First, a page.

Mariette Martinez recommends staying focused on your passion, instead of trying to be everything to all of your customers. Martinez offers year-round consulting and accounting to her clients, and is proactive in helping them learn and grow. However, she is “first and foremost a mother,” and with a family of three children, she felt that it was important that her or her husband be able to work from home. Her challenge was providing the best service to her clients while focusing on her personal priorities. Her solution is focusing her practice on helping solo-entrepreneurs grow and succeed through consulting and accounting, and she forms partnerships with other specialists — from lenders and financial advisors to health insurance agents — who she trusts to refer other specialized services to her clients. This has the added benefit of her receiving referrals from these other vendors at times, but Martinez says the biggest payoffs are the efficiency she achieves in her practice and the peace of mind that she gets from her clients working with true experts.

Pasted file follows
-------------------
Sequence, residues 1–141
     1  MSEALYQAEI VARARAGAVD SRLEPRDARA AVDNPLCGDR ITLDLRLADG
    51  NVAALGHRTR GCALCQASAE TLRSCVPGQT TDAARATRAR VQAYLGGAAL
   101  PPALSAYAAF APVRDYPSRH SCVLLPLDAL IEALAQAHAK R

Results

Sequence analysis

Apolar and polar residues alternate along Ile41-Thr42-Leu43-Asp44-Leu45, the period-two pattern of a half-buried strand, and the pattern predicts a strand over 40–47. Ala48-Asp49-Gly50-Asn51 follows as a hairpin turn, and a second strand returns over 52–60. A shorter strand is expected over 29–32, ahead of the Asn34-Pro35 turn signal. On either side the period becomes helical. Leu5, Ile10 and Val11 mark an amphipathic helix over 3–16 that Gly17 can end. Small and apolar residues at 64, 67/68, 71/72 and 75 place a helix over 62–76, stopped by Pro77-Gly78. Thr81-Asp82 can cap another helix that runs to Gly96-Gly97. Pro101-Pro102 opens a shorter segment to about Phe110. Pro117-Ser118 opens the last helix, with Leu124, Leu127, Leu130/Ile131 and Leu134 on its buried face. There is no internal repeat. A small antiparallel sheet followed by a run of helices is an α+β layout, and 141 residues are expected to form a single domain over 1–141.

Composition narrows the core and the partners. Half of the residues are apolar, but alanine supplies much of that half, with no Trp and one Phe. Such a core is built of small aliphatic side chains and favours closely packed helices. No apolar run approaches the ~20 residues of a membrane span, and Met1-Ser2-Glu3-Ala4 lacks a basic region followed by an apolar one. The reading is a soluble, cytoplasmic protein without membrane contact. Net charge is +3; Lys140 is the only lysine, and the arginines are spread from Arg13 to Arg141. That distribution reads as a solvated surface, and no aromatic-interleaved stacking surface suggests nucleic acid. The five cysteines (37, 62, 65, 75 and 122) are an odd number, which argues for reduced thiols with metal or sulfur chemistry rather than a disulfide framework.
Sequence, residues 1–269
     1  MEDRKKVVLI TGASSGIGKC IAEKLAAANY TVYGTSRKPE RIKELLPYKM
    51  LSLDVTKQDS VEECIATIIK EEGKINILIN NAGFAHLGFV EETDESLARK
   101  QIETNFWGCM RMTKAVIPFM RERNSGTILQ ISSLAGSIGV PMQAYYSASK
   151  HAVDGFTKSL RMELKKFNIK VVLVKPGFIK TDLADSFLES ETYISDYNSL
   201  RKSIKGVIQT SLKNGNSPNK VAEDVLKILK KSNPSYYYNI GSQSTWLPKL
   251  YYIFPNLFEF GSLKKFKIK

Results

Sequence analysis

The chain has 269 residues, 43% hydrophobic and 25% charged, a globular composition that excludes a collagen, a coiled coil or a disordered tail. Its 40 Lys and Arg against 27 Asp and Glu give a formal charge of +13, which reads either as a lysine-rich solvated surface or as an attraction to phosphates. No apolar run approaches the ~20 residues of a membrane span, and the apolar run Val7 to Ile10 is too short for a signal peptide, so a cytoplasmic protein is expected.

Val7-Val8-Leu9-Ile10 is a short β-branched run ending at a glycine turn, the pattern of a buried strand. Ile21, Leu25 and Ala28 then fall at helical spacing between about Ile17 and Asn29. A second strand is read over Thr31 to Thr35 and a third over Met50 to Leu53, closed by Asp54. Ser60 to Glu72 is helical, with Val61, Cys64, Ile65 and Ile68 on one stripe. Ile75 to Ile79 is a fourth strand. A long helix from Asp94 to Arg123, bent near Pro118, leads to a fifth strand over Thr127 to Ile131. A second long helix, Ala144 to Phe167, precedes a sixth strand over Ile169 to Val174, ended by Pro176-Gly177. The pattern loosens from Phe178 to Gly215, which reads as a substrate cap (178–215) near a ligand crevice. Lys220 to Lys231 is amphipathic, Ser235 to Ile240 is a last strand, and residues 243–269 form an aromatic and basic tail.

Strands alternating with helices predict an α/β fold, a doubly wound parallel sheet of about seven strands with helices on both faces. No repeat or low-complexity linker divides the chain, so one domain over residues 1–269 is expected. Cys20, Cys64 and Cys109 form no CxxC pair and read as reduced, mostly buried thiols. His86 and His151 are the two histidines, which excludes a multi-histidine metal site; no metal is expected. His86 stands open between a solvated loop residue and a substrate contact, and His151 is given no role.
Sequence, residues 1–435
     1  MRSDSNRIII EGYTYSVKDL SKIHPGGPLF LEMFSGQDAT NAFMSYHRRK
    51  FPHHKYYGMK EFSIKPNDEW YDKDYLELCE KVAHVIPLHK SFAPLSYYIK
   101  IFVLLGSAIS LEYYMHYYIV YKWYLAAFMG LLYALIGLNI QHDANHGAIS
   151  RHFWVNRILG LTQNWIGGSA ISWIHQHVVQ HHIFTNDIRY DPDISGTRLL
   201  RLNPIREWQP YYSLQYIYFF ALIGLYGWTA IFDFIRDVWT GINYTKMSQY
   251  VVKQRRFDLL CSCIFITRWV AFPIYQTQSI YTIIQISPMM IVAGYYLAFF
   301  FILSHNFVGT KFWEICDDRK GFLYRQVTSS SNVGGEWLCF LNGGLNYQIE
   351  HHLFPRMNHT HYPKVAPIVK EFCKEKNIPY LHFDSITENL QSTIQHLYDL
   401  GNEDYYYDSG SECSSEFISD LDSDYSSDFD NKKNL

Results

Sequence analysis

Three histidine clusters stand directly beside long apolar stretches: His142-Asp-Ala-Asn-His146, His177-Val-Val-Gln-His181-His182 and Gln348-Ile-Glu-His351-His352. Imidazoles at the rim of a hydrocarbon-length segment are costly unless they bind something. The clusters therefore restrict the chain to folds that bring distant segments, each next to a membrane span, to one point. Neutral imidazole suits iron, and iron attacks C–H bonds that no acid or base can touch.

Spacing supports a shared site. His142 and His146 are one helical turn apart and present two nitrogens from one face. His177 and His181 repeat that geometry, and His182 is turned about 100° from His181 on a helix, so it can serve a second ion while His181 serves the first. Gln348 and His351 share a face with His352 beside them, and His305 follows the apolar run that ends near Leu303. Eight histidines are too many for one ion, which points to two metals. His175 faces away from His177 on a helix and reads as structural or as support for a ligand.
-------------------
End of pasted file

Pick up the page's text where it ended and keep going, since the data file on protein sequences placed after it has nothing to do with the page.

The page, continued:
Mark Sidell is a big proponent of value pricing for his services. He says, “Most of my clients have a fixed fee, and they appreciate that because they know how much my service is going to cost upfront. They don’t get nickel and dimed for every question they ask me. In addition, I’m motivated to do things more quickly with this pricing model. I want to spend more quality hours, as opposed to quantity hours per client. If I can do work faster and have more clients, I can be more profitable.”
MB Raimondi offers services ranging from QuickBooks training and consulting to tax services, so her business model innovation also lies in her pricing structure. For such different services, she realized she needed different pricing models as well. Her training services are offered at hourly rates, yet she uses some elements of value pricing for her accounting and tax services, giving clients more certainty in their pricing and enabling her to focus more on the value she can provide than the time she’s spending with each client. Your own pricing structure may be a great way that you can innovate.